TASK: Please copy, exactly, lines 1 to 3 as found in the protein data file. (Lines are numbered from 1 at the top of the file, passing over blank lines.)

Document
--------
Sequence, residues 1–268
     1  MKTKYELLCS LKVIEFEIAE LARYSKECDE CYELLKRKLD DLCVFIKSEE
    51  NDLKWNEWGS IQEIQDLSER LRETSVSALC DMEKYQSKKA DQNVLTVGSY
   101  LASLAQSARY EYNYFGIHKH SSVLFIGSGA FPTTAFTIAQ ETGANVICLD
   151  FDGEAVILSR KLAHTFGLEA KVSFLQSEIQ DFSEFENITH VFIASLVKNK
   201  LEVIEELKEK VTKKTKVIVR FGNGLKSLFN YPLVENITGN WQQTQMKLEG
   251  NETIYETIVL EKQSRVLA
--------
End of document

Sequence, residues 1–268
     1  MKTKYELLCS LKVIEFEIAE LARYSKECDE CYELLKRKLD DLCVFIKSEE
    51  NDLKWNEWGS IQEIQDLSER LRETSVSALC DMEKYQSKKA DQNVLTVGSY